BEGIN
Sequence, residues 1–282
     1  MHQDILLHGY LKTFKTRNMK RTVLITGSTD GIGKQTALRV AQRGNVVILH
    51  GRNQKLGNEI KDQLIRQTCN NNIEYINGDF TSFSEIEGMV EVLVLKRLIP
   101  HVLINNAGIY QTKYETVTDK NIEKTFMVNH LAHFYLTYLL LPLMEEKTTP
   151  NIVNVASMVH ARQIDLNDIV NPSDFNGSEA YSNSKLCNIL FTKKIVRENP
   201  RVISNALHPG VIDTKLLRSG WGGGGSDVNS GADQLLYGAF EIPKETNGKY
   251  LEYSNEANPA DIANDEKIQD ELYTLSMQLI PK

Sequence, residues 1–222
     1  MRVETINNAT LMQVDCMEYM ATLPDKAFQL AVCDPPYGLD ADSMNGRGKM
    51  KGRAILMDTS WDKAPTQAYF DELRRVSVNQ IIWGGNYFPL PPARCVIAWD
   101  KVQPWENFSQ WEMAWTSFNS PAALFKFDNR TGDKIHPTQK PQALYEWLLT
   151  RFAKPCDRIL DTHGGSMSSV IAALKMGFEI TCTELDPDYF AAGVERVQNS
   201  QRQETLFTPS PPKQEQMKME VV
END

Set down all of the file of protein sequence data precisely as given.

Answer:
Sequence, residues 1–282
     1  MHQDILLHGY LKTFKTRNMK RTVLITGSTD GIGKQTALRV AQRGNVVILH
    51  GRNQKLGNEI KDQLIRQTCN NNIEYINGDF TSFSEIEGMV EVLVLKRLIP
   101  HVLINNAGIY QTKYETVTDK NIEKTFMVNH LAHFYLTYLL LPLMEEKTTP
   151  NIVNVASMVH ARQIDLNDIV NPSDFNGSEA YSNSKLCNIL FTKKIVRENP
   201  RVISNALHPG VIDTKLLRSG WGGGGSDVNS GADQLLYGAF EIPKETNGKY
   251  LEYSNEANPA DIANDEKIQD ELYTLSMQLI PK

Sequence, residues 1–222
     1  MRVETINNAT LMQVDCMEYM ATLPDKAFQL AVCDPPYGLD ADSMNGRGKM
    51  KGRAILMDTS WDKAPTQAYF DELRRVSVNQ IIWGGNYFPL PPARCVIAWD
   101  KVQPWENFSQ WEMAWTSFNS PAALFKFDNR TGDKIHPTQK PQALYEWLLT
   151  RFAKPCDRIL DTHGGSMSSV IAALKMGFEI TCTELDPDYF AAGVERVQNS
   201  QRQETLFTPS PPKQEQMKME VV